If anything, the report reinforces the case for regime change, by demonstrating the malign influence that Saddam's Iraq exerted over the entire international system. His capacity for genocide had indeed decayed, but by 2003 he was no longer the pariah he had been in 1991.
Having corrupted and undermined the sanctions regime, Saddam was more dangerous than ever before. The stench of his crimes lingers, not only in Iraq but also at the UN. The justification offered for the war by Mr Blair may have been the wrong one, but it was still a just war.
How wonderful that we have met with a paradox. Now we have some hope of making progress.
Never express yourself more clearly than you are able to think.
No, no, you're not thinking; you're just being logical.
Prediction is very difficult, especially if it's about the future.
Technology has advanced more in the last thirty years than in the previous two thousand. The exponential increase in advancement will only continue.
|Please leave the State in the toilet where you found it. Thank you.||Veuillez laisser l'Etat dans les toilettes où vous l'avez trouvé. Merci.|
|Flush twice please. No State for terrorists. The ||Tirez la chasse deux fois. Pas d'Etat pour les terroristes. Le |
Every mistake that supposedly intelligent men could make has been made in this war. The operation was absolutely useless, yet all the available strength of Great Britain and the United States was thrown into the task. (…) The front on which we are fighting those who actually attacked us is being “starved” and a “disaster” because the President insists on fighting on another front. Our lack of success is the “bitter fruit” of this fateful decision. The Army is being asked to do the impossible and could have been used elsewhere to secure large portions of enemy held territory. We are fighting this war just as we fought the last war, in part because the people in Washington have never actually been on the front lines.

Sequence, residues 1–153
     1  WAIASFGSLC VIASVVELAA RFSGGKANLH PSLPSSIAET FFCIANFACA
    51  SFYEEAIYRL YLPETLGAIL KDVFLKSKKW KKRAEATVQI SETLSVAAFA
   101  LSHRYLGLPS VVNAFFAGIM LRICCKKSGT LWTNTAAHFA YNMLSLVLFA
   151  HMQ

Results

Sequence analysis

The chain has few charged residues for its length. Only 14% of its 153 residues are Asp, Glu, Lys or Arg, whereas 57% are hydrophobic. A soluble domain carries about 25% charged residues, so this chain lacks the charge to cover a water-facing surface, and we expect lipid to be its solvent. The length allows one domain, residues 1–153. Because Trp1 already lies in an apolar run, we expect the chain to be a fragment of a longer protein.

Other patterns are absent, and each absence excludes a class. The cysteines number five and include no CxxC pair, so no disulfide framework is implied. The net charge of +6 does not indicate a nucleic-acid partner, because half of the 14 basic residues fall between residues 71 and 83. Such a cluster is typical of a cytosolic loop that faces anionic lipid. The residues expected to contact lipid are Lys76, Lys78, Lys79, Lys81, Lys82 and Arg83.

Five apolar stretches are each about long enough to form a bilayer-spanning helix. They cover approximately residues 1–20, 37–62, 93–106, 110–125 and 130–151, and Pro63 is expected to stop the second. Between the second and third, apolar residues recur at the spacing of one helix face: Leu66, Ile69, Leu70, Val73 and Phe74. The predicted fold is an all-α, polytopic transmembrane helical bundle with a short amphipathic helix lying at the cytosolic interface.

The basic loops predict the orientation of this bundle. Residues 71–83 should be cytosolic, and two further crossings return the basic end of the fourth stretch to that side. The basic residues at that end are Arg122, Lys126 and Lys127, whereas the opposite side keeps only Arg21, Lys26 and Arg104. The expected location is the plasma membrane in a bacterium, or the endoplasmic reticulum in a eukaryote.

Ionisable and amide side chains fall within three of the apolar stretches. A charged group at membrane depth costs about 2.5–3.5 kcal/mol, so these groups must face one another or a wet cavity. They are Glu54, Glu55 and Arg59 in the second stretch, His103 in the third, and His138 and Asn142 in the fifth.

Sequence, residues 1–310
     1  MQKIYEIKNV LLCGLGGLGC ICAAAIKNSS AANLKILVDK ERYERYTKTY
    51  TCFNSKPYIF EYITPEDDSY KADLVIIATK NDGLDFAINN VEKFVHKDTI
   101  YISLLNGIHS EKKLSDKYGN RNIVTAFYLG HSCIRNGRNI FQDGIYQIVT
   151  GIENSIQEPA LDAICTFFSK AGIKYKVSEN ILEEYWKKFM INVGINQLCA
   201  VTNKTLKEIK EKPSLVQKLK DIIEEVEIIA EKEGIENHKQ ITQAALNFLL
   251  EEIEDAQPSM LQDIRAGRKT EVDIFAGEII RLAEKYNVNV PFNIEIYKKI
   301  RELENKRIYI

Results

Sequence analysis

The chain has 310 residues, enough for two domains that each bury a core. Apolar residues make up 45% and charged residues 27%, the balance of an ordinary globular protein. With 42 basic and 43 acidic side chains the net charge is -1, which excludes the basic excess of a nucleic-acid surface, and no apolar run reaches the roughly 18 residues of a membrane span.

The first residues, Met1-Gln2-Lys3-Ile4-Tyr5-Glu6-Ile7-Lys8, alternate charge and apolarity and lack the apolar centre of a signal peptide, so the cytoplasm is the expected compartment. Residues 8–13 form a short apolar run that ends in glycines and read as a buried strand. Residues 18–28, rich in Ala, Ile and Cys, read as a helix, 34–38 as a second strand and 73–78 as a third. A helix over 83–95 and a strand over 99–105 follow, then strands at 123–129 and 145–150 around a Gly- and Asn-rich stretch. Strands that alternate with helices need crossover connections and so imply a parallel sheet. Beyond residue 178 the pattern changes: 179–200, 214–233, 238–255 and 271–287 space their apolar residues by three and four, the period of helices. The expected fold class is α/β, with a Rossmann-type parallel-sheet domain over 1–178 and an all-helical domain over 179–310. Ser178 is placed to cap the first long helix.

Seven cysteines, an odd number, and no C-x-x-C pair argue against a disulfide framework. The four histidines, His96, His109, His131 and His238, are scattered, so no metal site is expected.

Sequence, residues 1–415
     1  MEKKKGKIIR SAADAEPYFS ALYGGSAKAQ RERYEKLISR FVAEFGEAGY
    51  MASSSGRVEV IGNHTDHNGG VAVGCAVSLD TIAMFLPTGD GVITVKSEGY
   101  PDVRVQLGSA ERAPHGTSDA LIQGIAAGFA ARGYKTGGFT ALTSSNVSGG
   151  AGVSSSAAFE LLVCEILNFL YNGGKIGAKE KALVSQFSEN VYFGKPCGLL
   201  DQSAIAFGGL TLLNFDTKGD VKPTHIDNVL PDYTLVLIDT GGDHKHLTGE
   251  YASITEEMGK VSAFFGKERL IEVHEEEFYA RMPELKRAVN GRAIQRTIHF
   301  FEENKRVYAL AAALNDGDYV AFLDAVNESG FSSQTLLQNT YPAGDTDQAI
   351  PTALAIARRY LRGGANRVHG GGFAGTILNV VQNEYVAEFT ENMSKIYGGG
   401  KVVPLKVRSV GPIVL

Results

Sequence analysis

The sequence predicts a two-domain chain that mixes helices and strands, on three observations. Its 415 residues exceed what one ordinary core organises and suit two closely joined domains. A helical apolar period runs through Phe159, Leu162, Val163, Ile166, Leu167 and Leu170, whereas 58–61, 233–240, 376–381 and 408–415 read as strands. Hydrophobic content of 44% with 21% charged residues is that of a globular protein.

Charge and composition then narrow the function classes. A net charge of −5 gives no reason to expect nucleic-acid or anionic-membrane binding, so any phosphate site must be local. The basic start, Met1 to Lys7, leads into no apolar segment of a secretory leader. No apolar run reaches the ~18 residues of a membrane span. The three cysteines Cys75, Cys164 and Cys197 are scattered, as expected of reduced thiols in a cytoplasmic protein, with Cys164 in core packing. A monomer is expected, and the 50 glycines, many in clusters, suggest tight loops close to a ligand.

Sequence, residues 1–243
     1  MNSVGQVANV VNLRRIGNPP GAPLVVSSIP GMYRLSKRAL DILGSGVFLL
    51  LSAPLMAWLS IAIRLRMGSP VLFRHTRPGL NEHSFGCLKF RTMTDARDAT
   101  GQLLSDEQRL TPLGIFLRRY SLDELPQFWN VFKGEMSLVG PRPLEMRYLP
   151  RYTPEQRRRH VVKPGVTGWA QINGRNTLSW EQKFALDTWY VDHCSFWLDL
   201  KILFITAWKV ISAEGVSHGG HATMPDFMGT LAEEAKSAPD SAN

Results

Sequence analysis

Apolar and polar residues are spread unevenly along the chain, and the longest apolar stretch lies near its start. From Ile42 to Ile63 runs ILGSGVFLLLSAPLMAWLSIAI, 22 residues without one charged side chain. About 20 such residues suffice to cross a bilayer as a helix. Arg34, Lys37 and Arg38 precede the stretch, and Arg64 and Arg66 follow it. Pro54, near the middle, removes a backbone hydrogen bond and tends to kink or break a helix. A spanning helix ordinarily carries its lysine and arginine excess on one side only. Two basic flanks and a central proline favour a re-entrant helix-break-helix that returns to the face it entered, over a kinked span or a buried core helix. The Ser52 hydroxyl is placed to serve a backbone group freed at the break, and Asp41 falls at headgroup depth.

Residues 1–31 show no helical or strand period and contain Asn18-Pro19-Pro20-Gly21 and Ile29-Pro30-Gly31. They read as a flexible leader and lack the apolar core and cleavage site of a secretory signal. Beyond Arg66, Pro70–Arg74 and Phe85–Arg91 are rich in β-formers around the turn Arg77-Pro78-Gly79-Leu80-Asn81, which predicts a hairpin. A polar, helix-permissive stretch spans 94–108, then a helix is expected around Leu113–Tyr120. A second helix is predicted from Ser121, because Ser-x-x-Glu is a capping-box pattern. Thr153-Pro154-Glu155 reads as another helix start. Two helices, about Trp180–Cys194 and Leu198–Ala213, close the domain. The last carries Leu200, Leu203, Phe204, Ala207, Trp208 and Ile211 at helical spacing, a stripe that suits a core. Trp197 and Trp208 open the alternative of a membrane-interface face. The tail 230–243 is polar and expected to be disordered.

[Two French] panels were mandated to explore every channel and connection for securing the two journalists’ release with the exception of American officials in Washington or Baghdad and circles identified with the Iyad Allawi government.
Had they brought it off, [the “unofficial negotiators”] would have delivered to Chirac four impressive objectives in his dispute with Bush over Iraq…
(Merci to GPR et GS)
the latest remarks of George W Bush, hardly friendly towards the French.HUH!? What the hell does she think about the attitude of her own periodical, aka the newspaper of reference, year in and year out, towards Americans — especially Bush!? Or does she ever think about it? Isn't France's anti-American position taken as a given that is entirely rational and logical, as natural as the rising sun?
Oh, yeah, that's right: when France's politicians, intellectuals, editors, journalists, citizens, etc, oppose, castigate, mock, and lash out at Uncle Sam (as one), it is in reality only the "current" administration and its policies they oppose.